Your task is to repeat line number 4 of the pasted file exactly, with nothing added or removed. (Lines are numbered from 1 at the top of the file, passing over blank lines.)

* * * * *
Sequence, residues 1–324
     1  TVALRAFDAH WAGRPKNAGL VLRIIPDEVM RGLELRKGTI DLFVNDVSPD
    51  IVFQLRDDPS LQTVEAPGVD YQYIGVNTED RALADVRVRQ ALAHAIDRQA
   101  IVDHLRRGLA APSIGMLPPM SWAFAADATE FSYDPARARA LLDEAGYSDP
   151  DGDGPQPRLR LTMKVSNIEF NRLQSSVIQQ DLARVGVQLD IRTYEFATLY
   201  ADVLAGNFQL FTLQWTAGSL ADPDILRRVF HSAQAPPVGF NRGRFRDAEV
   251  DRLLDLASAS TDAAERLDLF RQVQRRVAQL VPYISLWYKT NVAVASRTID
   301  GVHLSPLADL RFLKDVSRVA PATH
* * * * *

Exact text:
   101  IVDHLRRGLA APSIGMLPPM SWAFAADATE FSYDPARARA LLDEAGYSDP